File APIs for Java Developers
Manipulate DOC, XLS, PPT, PDF and many others from your application.
http://aspose.com/file-tools
The moose likes Other Application Frameworks and the fly likes OSGi services best practices Big Moose Saloon
  Search | Java FAQ | Recent Topics | Flagged Topics | Hot Topics | Zero Replies
Register / Login
JavaRanch » Java Forums » Frameworks » Other Application Frameworks
Bookmark "OSGi services best practices" Watch "OSGi services best practices" New topic
Author

OSGi services best practices

Augusto Sellhorn
Ranch Hand

Joined: May 24, 2007
Posts: 57
1. Do you guys find it is better to define a service API (Java interface) separate from a bundle providing an implementation? This is the convention I've used in my projects, the idea being that many people can use the API and should provide different implementations.

The only downside of this is you end up with at least 2 bundles always which can kind of clutter up the environment. Sometimes even for simple projects, I can see the argument of providing the API and a "default" implementation in one bundle. Kind of curious what your opinion on this is.

2. How important is it to call ungetService(...)? So far I've pretty much ignored it, but I'm sure I'm supposed to be using it somehow. Not sure what the side effects are (or if it really depends on what the service is doing).

3. Declarative Services. Are people still using them?

I remember a while ago I started using DS, seemed like a nice idea. But it seems like there's a bit of frameworks that do the same thing, of course not part of the standard. Lately I've been registering services via Spring, and they pretty much have all the options you get with DS (like service cardinality), i've seen these in Spring DM and Blueprint services. Seems there's a lot of overlap, is DS still the preferred ... standard way?
Richard S. Hall
author
Ranch Hand

Joined: Feb 14, 2011
Posts: 47
Augusto Sellhorn wrote:1. Do you guys find it is better to define a service API (Java interface) separate from a bundle providing an implementation? This is the convention I've used in my projects, the idea being that many people can use the API and should provide different implementations.

The only downside of this is you end up with at least 2 bundles always which can kind of clutter up the environment. Sometimes even for simple projects, I can see the argument of providing the API and a "default" implementation in one bundle. Kind of curious what your opinion on this is.


We cover this topic in the book. There is no single answer, it just depends on your situation and your preferences. If someone asked me to recommend an approach, I would probably say keep them separate. The reasoning is maybe not what you'd expect, but I think this approach is the best because people are less likely to do it incorrectly.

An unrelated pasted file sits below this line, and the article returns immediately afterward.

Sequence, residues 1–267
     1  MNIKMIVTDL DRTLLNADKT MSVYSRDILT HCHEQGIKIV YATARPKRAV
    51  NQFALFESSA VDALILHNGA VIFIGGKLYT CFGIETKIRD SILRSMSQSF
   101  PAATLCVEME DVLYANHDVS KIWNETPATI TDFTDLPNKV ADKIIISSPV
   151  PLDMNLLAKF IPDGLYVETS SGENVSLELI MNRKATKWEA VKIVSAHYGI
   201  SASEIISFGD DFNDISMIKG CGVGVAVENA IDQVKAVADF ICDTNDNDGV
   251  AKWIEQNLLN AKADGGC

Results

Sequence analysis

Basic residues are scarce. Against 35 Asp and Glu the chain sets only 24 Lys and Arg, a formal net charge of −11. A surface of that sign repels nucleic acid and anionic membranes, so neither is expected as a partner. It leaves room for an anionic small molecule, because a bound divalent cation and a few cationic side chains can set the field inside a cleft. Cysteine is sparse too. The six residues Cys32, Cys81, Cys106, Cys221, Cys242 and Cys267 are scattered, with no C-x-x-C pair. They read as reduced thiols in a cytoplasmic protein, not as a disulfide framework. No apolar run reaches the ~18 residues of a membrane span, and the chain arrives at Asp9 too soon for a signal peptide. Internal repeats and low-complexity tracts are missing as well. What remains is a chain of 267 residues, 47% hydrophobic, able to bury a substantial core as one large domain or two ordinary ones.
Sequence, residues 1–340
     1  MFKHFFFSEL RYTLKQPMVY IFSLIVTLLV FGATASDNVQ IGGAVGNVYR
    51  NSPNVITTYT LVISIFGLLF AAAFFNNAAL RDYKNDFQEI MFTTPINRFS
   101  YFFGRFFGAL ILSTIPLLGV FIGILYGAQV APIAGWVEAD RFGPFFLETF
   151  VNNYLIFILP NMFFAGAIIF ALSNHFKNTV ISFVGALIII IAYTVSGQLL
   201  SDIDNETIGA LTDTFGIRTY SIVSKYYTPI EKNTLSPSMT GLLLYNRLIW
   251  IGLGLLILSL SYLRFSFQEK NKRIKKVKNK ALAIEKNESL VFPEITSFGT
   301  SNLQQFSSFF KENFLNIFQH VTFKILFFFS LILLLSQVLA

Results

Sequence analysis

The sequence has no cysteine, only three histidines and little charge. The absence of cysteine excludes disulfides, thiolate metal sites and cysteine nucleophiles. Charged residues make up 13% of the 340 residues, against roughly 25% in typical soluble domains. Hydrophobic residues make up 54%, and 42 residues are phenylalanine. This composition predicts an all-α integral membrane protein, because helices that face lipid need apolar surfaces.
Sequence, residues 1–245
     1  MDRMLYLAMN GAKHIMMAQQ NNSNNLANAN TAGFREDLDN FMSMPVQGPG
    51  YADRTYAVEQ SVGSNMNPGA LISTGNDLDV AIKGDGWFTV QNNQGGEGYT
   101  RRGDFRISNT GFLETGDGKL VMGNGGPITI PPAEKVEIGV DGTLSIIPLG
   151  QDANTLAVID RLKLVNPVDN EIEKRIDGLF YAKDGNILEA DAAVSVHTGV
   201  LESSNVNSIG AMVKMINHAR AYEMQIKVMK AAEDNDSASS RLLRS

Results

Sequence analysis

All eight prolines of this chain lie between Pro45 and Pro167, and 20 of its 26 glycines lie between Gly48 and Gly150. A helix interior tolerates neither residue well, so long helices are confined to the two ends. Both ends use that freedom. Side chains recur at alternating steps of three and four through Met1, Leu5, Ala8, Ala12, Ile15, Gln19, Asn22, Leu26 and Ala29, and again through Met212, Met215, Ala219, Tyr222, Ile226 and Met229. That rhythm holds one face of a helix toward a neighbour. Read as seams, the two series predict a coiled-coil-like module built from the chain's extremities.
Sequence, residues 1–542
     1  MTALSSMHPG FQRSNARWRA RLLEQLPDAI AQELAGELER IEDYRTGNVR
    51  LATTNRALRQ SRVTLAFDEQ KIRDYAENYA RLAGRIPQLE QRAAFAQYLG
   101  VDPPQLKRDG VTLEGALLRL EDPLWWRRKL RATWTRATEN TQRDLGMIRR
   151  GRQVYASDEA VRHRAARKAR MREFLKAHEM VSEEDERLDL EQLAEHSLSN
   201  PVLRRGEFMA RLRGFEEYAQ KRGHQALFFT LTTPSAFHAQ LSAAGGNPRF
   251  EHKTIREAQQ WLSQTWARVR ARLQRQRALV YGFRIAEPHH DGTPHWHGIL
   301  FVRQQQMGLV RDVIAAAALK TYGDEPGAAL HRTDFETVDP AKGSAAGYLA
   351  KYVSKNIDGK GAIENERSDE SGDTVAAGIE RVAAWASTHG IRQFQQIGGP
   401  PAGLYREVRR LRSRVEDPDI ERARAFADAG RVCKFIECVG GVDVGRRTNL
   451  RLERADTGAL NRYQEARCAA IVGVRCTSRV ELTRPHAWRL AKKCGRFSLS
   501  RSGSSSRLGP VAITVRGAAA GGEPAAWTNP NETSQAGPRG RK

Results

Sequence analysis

Augusto Sellhorn wrote:
2. How important is it to call ungetService(...)? So far I've pretty much ignored it, but I'm sure I'm supposed to be using it somehow. Not sure what the side effects are (or if it really depends on what the service is doing).


We cover this in the book too. No major side effect other than a little bit of memory in the framework keeping track of something you are not using and the inability to have getServicesInUse() return something meaningful. Potentially if service factories are in use, they could be using more memory or resources, depending on what they do.

Augusto Sellhorn wrote:
3. Declarative Services. Are people still using them?

I remember a while ago I started using DS, seemed like a nice idea. But it seems like there's a bit of frameworks that do the same thing, of course not part of the standard. Lately I've been registering services via Spring, and they pretty much have all the options you get with DS (like service cardinality), i've seen these in Spring DM and Blueprint services. Seems there's a lot of overlap, is DS still the preferred ... standard way?


And we cover this in the book too. :-) There is no preferred way, there are just different ways. Both DS and Blueprint are OSGi standards, but neither is preferred over the other. Apache iPOJO is another, non-standard way of doing it. Each has their strengths and weaknesses. You should use the one (or any other) if it meets your needs.
Augusto Sellhorn
Ranch Hand

Joined: May 24, 2007
Posts: 57
OK, so at least we've established the book covers a lot of topics I'm interested in. :-)

Thanks for the answers!
 
I agree. Here's the link: http://aspose.com/file-tools
 
subject: OSGi services best practices